New York State Health Commissioner Urges Cigarette Smokers to Participate in the Great American Smokeout
State Health Department Offers Tips, Services to Help Smokers Quit
To Quit Smoking Contact the New York State Smokers' Quitline at 1-866-NY-QUITS or Visit www.nysmokefree.com
ALBANY, N.Y. (November 16, 2022) – With tobacco use as a leading preventable cause of disease and death, the New York State Department of Health Commissioner Dr. Mary T. Bassett is encouraging cigarette smokers to give up cigarettes for 24 hours as part of the Great American Smokeout on Thursday, November 17. The Great American Smokeout is a nationwide quit smoking challenge sponsored by the American Cancer Society (ACS).
"Smoking is an addiction, and giving it up is challenging," State Health Commissioner Dr. Mary T. Bassett said. "If you or a loved one smokes cigarettes, consider participating in the Great American Smokeout challenge and taking the first step toward permanently quitting smoking. I also encourage New Yorkers who want to quit smoking or know someone who wants to quit to use the Great American Smokeout as an opportunity to ask for help. Medical professionals can help smokers who want to stop by offering counseling and medicines."
The Great American Smokeout occurs each year on the third Thursday of November and encourages smokers across the nation to make a plan to quit, or plan in advance to quit on the day of the Smokeout. The event challenges people to stop using tobacco, provides information and tools on how to quit, and calls attention to the ongoing problems caused by cigarette smoking.
According to the ACS, the idea for the Great American Smokeout grew out of an event in 1970 in Randolph, Massachusetts. Arthur P. Mullaney, a guidance counselor, asked people to give up cigarettes for a day and donate the money they saved to a scholarship fund. On November 18, 1976, the California division of the ACS launched the first Smokeout when they convinced nearly a million smokers to quit for the day. The following year, they took the event nationwide.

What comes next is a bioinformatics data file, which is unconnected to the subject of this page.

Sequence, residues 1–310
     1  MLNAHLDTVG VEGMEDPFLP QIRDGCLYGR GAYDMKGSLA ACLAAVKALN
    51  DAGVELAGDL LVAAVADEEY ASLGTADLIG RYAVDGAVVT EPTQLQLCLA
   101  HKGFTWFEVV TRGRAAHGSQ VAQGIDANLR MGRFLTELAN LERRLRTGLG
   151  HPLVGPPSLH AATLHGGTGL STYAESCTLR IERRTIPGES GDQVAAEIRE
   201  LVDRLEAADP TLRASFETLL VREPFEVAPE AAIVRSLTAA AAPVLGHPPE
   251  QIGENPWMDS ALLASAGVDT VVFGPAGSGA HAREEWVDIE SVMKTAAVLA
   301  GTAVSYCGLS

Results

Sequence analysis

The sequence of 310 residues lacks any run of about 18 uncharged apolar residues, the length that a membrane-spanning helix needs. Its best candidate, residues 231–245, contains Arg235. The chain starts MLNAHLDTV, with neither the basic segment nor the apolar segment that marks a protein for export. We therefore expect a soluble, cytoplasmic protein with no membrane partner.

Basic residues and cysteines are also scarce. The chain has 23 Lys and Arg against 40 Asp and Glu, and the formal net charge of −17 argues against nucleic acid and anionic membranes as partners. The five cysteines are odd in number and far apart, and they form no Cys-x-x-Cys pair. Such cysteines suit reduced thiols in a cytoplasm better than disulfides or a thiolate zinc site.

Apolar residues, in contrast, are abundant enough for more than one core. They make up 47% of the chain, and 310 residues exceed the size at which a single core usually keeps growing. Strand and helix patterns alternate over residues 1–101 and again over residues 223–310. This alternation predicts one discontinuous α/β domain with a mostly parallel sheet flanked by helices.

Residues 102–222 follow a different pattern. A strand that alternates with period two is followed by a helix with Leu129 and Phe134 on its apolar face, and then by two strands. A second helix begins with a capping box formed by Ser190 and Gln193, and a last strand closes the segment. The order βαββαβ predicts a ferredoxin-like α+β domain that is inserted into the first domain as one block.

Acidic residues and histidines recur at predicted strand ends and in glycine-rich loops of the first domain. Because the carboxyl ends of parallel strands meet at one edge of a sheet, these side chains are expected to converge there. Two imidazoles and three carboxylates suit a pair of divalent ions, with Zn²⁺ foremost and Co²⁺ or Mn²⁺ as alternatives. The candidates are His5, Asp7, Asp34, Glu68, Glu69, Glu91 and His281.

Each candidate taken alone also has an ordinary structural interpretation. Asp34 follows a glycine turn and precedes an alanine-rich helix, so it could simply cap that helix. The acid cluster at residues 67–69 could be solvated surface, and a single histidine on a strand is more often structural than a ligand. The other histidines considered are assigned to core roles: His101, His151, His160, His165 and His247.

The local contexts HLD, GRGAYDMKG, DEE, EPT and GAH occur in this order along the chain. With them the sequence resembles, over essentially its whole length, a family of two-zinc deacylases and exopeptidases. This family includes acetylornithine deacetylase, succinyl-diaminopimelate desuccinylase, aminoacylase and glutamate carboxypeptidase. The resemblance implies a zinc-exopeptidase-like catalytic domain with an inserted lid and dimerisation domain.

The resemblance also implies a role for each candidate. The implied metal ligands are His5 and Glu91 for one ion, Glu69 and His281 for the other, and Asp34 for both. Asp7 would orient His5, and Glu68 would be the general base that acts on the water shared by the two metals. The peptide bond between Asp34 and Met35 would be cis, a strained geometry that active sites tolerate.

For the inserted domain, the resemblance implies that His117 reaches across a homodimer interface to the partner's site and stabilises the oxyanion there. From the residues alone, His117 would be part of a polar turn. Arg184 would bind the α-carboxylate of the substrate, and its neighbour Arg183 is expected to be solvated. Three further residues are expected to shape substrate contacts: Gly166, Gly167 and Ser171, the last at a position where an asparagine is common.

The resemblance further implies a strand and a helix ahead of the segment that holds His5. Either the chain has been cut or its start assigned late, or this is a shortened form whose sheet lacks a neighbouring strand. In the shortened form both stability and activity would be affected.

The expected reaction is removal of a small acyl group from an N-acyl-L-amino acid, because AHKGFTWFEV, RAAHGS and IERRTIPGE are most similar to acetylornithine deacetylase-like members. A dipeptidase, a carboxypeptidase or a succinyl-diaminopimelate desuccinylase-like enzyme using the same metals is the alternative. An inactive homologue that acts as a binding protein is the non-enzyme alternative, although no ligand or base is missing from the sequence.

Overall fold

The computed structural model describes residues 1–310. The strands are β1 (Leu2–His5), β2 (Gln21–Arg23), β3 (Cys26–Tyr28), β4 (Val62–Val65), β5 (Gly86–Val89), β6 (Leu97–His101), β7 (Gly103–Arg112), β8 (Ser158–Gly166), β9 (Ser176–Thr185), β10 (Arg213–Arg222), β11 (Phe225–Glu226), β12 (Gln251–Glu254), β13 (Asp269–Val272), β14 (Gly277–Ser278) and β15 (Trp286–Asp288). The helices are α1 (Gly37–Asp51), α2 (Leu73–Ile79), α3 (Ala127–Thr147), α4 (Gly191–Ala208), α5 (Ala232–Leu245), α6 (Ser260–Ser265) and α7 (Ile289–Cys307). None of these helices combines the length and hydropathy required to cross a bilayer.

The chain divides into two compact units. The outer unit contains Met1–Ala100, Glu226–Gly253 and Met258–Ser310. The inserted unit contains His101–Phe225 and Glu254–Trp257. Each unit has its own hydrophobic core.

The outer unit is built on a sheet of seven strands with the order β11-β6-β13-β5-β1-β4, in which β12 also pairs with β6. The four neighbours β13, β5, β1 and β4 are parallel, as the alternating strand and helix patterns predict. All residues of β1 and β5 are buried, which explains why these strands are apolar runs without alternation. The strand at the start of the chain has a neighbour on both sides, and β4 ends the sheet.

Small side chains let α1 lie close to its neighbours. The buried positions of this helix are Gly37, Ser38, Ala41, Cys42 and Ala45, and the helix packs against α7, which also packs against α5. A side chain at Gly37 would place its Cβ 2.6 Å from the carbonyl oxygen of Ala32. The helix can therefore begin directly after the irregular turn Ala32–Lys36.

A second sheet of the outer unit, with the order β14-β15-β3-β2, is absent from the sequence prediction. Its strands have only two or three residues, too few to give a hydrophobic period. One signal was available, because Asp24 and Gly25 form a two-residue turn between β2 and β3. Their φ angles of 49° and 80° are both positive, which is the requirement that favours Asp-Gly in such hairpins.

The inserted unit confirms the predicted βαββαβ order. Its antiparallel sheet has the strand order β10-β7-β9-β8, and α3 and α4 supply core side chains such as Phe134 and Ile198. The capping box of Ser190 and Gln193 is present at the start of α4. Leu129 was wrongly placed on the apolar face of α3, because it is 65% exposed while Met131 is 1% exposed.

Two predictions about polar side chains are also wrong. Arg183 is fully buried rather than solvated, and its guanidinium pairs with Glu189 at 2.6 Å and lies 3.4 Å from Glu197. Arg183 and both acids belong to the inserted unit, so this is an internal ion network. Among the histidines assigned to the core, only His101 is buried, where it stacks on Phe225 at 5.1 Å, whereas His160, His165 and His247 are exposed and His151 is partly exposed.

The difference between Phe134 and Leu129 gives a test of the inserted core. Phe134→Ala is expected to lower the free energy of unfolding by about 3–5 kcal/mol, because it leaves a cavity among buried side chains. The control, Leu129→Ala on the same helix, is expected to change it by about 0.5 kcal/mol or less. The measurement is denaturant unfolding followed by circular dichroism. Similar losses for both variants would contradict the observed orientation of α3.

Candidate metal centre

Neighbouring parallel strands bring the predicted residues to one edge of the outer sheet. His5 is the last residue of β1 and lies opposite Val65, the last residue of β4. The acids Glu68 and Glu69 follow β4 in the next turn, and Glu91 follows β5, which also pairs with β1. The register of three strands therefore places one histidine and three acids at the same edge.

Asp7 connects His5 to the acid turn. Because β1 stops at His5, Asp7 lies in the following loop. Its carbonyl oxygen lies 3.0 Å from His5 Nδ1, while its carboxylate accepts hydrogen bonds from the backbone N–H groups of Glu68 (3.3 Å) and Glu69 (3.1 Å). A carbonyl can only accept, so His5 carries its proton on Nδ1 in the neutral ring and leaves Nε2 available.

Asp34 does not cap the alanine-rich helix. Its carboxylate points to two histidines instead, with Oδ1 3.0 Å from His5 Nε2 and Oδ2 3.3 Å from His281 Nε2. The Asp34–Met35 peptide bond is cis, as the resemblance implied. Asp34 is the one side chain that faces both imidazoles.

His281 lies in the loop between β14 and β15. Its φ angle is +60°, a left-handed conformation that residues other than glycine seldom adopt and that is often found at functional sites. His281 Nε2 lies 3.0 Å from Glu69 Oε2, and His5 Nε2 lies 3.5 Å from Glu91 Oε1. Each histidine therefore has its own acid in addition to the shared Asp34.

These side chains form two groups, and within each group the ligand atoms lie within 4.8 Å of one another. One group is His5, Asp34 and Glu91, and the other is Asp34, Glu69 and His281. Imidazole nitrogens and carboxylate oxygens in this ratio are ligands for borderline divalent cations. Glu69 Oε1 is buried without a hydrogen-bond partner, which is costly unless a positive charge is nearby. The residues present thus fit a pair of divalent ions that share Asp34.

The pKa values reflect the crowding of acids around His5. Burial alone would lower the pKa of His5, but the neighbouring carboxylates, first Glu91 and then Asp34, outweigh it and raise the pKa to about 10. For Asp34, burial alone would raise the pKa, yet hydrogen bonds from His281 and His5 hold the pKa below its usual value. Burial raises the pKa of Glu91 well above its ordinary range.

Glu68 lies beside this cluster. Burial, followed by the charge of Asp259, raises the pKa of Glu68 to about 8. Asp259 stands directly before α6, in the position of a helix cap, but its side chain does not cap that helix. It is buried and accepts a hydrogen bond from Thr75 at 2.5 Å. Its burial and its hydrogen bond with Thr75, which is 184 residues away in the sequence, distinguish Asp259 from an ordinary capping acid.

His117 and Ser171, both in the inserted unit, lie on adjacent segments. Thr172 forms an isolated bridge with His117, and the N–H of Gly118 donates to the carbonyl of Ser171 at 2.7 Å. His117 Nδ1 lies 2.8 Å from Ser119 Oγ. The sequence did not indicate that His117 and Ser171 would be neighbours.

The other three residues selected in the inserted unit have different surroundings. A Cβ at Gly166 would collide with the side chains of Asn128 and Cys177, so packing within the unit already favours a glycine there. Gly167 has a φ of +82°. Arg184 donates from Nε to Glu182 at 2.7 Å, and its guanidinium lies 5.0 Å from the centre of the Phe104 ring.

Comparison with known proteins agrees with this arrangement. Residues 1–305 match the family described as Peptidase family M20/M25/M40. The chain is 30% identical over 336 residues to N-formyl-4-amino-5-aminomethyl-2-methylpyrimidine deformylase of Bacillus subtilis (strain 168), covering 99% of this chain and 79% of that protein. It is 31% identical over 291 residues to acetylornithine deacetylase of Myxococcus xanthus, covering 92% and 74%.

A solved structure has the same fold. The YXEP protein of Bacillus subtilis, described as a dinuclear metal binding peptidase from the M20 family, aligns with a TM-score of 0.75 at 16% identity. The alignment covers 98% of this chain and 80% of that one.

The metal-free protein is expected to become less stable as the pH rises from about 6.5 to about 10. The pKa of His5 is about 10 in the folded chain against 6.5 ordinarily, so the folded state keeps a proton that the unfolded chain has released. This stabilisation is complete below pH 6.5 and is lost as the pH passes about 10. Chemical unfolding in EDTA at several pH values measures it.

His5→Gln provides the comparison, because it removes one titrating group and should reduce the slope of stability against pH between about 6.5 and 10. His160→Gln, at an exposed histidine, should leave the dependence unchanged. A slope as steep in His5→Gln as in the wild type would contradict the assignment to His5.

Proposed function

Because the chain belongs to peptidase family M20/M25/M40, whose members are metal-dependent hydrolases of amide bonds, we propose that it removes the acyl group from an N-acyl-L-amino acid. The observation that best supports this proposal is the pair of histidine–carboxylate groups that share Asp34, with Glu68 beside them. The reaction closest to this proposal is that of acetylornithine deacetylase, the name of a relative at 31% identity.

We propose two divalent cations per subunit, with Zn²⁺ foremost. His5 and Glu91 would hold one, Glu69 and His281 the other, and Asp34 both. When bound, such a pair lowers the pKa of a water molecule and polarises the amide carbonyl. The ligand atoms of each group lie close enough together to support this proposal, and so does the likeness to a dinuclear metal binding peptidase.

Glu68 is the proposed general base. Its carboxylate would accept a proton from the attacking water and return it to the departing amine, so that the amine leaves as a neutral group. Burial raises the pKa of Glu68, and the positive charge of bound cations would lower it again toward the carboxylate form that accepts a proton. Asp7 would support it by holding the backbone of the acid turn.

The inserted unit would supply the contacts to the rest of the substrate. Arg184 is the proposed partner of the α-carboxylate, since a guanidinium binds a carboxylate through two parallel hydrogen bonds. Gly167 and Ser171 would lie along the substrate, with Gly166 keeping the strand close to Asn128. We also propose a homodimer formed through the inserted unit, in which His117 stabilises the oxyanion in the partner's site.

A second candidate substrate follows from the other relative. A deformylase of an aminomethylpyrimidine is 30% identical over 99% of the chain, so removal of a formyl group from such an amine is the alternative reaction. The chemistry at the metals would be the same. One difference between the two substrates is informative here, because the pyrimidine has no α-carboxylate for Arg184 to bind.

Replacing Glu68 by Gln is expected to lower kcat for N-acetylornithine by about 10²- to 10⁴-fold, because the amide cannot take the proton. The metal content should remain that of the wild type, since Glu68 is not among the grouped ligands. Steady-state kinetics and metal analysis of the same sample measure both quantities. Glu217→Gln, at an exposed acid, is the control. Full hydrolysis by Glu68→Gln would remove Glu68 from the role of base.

Although tobacco use is at record lows in New York State, approximately 1.7 million New Yorkers continue to smoke cigarettes. Every year in New York, smoking kills 21,000 adults. Another 1,400 New Yorkers die every year from exposure to secondhand cigarette smoke.
Disparities and inequities in cigarette smoking and addiction persist among adults in New York State and nationally. Research has shown that adults who smoke more frequently than the general adult population are those who are enrolled in Medicaid, are unemployed, earn less than $25,000 annually, report frequent mental distress, have less than a high school education and/or live with a disability.
The Department's Bureau of Tobacco Control administers the state's comprehensive Tobacco Control Program to reduce illness, disability, and death related to commercial tobacco use and secondhand smoke exposure, and to alleviate social and economic inequities caused by tobacco use. The program uses an evidence-based, policy-driven, and population-level approach to tobacco control and prevention with a commitment to promote health equity among populations disproportionately impacted by tobacco marketing and use. The Tobacco Control Program's efforts and actions have contributed to record-low youth and adult smoking rates in New York State.
There has never been a better time to quit smoking and begin living a smokefree life. For help with quitting, including counseling and medication, talk to your healthcare provider. For information on how to quit smoking, the New York State Smokers' Quitline provides free and confidential services that include information, tools, quit coaching, and support in both English and Spanish. Services are available by calling 1-866-NY-QUITS (1-866-697-8487), texting (716) 309-4688, or visiting www.nysmokefree.com, for information, to chat online with a Quit Coach, or to sign up for Learn2QuitNY, a six-week, step-by-step text messaging program to build the skills you need to quit any tobacco product.
More information about the Department's Tobacco Control Program is available here.